High Roller Radio has interviewed some of the greatest gamblers, casino insiders, sports bettors, authors and poker players in the world. Here, our interview with Hunter Cichy, a cash game pro and poker instructor living in Florida. He's cashed nine times at the World Series of Poker, including a 116k score for 2nd in the WSOP's first ever online championship.
Q: You had a great summer last year. You were 89th in the main event, plus you had three other cashes.
HC: It was pretty cool. I had a very successful series prior to the main event. I had three other cashes in bracelet events; the mix-max, the Millionaire Maker and the $1,500 Shootout. I had success heading into that series, so I had quite a bit of money going into that. It was my first ever main event so I was a bit nervous but, having a strong deep stack cash game background, it was the perfect event for me because the structure is so good. You have two-hour levels, you play several days, so you’re not in any hurry to get in any huge pots. It’s a great event for someone with the post-flop skill I’ve developed because of cash games. I was able to use that to my advantage quite a bit. I wasn’t actually all-in until very late on Day 4, so whenever you can play 48 hours of poker without being all-in that’s incredible.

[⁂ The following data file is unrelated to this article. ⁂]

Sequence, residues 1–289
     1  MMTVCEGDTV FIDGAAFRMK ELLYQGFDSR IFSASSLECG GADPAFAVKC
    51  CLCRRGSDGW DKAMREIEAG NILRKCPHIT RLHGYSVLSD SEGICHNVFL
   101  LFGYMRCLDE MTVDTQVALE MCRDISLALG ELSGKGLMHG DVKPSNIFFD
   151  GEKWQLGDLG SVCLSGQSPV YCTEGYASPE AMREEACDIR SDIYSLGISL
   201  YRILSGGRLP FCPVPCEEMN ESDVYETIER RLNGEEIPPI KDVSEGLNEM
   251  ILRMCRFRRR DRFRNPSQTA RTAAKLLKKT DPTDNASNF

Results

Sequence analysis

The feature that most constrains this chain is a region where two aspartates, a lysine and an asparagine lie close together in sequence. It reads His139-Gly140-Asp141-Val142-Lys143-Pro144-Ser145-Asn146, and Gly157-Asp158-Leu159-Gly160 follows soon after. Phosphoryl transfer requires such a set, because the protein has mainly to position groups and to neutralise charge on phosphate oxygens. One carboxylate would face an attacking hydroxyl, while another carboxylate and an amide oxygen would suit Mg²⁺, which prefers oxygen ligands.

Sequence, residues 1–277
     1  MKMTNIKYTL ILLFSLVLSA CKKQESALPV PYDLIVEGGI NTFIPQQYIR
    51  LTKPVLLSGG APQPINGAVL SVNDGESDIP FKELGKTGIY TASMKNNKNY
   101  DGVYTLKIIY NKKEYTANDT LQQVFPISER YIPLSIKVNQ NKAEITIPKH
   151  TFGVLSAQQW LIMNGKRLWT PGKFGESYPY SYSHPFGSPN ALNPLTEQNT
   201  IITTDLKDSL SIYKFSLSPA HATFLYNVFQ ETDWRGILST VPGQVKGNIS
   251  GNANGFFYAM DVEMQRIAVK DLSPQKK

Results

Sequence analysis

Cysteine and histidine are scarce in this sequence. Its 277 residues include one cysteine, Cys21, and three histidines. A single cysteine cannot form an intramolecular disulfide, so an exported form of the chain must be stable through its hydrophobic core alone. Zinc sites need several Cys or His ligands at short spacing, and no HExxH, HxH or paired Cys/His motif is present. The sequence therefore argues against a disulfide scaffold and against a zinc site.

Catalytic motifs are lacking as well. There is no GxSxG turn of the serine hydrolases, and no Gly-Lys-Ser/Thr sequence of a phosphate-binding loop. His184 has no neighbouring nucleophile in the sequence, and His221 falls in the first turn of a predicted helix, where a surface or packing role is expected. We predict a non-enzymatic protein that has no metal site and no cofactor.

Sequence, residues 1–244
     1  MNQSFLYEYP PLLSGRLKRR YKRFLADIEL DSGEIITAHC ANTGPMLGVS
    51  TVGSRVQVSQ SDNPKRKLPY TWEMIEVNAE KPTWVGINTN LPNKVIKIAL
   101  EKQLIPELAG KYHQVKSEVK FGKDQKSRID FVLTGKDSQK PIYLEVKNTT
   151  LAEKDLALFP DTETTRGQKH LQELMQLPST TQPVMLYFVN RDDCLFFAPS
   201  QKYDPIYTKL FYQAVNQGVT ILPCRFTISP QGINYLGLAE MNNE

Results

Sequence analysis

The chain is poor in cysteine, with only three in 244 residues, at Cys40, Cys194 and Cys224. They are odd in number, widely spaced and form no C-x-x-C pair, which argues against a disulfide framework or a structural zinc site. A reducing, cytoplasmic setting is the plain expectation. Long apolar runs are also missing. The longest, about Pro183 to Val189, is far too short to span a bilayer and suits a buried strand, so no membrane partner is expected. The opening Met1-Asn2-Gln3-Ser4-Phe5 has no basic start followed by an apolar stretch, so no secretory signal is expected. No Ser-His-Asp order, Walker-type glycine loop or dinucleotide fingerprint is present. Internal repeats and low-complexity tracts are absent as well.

Q: Guys like you, Hunter, who play all the time, it’s their profession, have a big edge in big events like the WSOP main or the Colossus?
HC: One thing I tell my students, who are really trying to get serious about poker, is that I’m studying two hours a day, every day, that’s 14 hours a week, and that adds up to more time than most amateurs are actually playing poker. It’s very important to keep that in mind, that if you really want to improve, it’s a huge time commitment. A lot of people don’t understand that. When all these people are coming in for the Colossus and main event, I’m studying poker more hours a year than most are playing. There’s the edge.